By Kent Willmann
Working as an election judge during the recent Colorado primary renewed my faith and hope in democracy. I trust the voters. The polls were not very busy on election day. At no point was there a line for people to vote in person. Although, there often was a short line of cars waiting to turn in their ballots into the drive-up mailbox. Despite the disappointing turnout, the people who did show up were nothing short of inspiring.
Those voters, their message was clear. Voting matters. Most were shy and quiet, humble to do their civic duty, yet voting mattered. It mattered to the immigrant woman who cast her ballot for the first time. It mattered to the elderly woman who proudly declared as she walked out, “I have voted in every election in Boulder County in the last 50 years.” Many were working very hard to vote, some hurried in after work (appealing to my own procrastination instinct). Others needed to change their address, or wanted to replace a damaged ballot; one actually had been chewed up by their dog — yes the classic my-dog-ate-it excuse.
My job as a judge included handing out the “I voted stickers.” People love those stickers, as tangible evidence of duty done. They seemed to matter most to the very young voters, exercising the franchise soon after turning 18. Several shared their stickers with their kids and snapped selfies with our “Vote Here” sign, building a family tradition that voting matters. A very pregnant woman took a picture with the sign and an “I Voted” sticker on her protruding bare belly. A few declined the stickers, content in their knowledge that they had done the right thing. One woman sternly declared, “I don’t need no stinkin’ sticker.” All to vote in an election that had very few contested races.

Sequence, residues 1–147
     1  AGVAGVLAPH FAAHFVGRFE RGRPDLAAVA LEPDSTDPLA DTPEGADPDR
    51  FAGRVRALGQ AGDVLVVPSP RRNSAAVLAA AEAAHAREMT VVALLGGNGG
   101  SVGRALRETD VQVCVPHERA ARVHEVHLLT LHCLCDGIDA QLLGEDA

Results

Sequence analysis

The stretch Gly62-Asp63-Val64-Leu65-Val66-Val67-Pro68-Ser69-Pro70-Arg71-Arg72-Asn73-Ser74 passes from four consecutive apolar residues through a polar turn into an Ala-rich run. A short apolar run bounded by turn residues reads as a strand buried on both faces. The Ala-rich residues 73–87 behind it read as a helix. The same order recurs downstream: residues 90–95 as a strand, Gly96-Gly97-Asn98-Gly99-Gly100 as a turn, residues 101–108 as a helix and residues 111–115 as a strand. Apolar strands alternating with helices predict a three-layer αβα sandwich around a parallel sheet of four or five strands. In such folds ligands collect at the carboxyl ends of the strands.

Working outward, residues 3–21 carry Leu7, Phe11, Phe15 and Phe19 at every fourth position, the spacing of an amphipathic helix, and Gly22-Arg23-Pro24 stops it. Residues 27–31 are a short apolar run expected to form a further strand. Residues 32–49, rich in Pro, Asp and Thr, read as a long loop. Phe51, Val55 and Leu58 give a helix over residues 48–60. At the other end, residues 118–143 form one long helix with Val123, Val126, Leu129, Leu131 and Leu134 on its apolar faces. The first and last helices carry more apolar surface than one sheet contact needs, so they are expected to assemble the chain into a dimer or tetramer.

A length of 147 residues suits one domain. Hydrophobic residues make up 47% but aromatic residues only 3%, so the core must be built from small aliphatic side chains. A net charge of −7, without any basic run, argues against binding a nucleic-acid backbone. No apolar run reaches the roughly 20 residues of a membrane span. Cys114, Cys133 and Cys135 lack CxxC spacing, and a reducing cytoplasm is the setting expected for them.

Not only do I trust the voters, I trust those serving our communities as election workers and judges. My election co-workers were dedicated to helping people vote and to doing it the right way. Patriotism reigned. Most were dressed in hats, scarves, shirts and skirts with some combination of stars and stripes and red, white and blue. Republicans and Democrats served voters with equal diligence. We also had about a dozen election observers who were on the lookout for election irregularities. I don’t think they found very much. What they did find was election workers serving as a sort of live customer service department ensuring that everyone who wanted to vote, and was eligible, got a chance to do so.
During my lunch, I listened to the Jan. 6 hearings. At a break, some commentator/historian said you will remember where you were when you heard this testimony. I wanted to say: You all should check out voting centers and remember what you see there. At a time when our democracy seems imperiled, the answer is to trust voters and voting more. That is the way to keep our republic. Jefferson, Franklin and their civics teachers would be proud of these citizens. I know I was.
Kent Willmann spent more than 30 teaching high school social studies. This is his first year as an election judge. He is a Longmont resident.